Eleanor Brown quotes personal communications from several ophthalmologists who asserted that Milton had glaucoma, and others have supported that diagnosis,1415 although not all have agreed. Some have dismissed the diagnosis on the grounds that the most usual visual defect starts on the nasal side,16 although that is not always the case. It has also been objected that most cases of glaucoma occur after the age of 4017 and Milton was only 36 at the time of onset; however, young cases can occur.18 It would also be unusual for glaucoma to be associated with haloes. However, acute closed-angle glaucoma is associated with pain, which Milton described early in the disease, brought on by reading in the morning and relieved by exercise; perhaps he had acute attacks when reading in poor light, relieved by taking a walk outside in the brighter light. Later, pain would not have been a problem as the condition became chronic.

Retinal detachment has also had its proponents1719 and was suggested as early as 1909 by the Swiss ophthalmologist Marc Dufour.20 He based his diagnosis on Milton’s dimming of vision, with “vapours” over the forehead and temples, unclear though that description is, and the light sensations that Milton experienced. However, the typical symptom is of a veil descending or ascending over the field of vision, which is not really what Milton described. When retinal detachment is associated with myopia, the myopia is typically severe.

In 1936 and again in 1949 Lambert Rogers suggested that Milton’s blindness may have been due to a suprachiasmatic cystic tumour, specifically a parapituitary craniopharyngioma.2122 He based this supposition on a patient who had presented with similar symptoms to those of Milton, the progression of whose blindness was halted by removal of such a tumour. If that was the diagnosis, one would have to postulate that the tumour had first affected the fibres in Milton’s left optic nerve supplying the left temporal field, then gradually growing to the left to encroach on the other fibres of the same nerve over a period of about seven years, after which it would have had to have grown more rapidly to the right over the next three years, to have taken out the right optic nerve as well. Rogers also suggested that Milton’s nickname when he was at Christ’s College in Cambridge in 1625, “The Lady of Christ’s Coll,” derived from changes in his facial appearance due to the craniopharyngioma, which is hard to see from his many portraits. Nor is there any evidence, documentary or visual, that Milton suffered any other possible endocrine disorders.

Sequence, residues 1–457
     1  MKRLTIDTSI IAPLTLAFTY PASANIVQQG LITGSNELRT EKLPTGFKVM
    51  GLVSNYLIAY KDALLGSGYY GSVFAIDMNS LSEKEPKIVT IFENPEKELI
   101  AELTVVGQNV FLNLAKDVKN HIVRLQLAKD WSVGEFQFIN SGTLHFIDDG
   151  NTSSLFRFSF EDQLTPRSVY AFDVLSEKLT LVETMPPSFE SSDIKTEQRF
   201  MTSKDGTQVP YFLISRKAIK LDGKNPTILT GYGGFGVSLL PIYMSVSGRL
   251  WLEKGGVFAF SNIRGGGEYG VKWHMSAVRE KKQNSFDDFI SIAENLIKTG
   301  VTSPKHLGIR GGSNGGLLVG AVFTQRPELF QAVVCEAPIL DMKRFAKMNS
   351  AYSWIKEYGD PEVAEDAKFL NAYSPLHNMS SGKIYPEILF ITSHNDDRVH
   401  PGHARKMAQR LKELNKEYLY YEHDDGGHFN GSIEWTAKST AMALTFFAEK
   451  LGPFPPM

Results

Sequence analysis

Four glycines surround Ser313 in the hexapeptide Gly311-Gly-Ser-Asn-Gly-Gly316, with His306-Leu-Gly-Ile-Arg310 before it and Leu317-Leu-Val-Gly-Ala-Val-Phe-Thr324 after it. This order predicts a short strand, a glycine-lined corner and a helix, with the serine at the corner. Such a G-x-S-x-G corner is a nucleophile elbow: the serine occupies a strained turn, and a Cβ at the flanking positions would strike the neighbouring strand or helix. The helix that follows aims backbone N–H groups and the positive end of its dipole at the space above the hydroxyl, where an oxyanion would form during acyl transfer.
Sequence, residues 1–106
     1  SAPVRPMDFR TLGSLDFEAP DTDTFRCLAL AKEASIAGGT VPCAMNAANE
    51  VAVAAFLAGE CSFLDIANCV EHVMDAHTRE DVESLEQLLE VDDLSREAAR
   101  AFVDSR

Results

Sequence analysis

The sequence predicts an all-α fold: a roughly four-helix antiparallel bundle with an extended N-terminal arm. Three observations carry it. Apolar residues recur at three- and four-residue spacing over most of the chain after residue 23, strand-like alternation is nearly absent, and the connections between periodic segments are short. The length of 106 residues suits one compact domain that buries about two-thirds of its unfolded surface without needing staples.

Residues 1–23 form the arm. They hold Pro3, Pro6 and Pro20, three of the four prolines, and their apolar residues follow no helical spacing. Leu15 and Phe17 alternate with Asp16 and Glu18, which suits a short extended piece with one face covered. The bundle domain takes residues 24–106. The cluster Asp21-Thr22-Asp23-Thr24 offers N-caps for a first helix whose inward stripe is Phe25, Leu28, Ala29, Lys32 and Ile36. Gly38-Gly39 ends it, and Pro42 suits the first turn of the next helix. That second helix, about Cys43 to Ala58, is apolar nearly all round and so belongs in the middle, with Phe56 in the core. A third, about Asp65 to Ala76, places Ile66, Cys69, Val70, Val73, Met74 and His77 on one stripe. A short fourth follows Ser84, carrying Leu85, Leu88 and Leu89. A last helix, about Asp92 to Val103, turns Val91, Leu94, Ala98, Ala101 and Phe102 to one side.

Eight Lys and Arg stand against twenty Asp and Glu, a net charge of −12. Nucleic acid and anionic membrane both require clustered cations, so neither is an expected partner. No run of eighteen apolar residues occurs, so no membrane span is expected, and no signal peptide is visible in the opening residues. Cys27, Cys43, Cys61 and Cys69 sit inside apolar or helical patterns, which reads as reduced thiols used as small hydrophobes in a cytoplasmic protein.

Conclusion

Milton’s symptoms were not pathognomonic of any specific condition. Phosphenes, for example, the flashes of light that he described, can occur in a wide range of conditions, including posterior vitreous detachment, macular degeneration, and retinal detachment. Haloes around lights, the iris that Milton described, can occur in glaucoma, cataracts, keratoconus, and opacities in the vitreous humour. This makes diagnosis difficult. Furthermore, no single diagnosis fits everything we know, and there is much to be conjectured.

My own non-expert preferred diagnosis is glaucoma. But perhaps we should abandon Occam’s razor, to accommodate possible comorbidities. For example, some of Milton’s symptoms could have been caused by posterior vitreous detachment, independently of the primary pathology, whatever it was.

Footnotes

  • Competing interests: None declared.

  • Provenance and peer review: Not commissioned; not peer reviewed.

References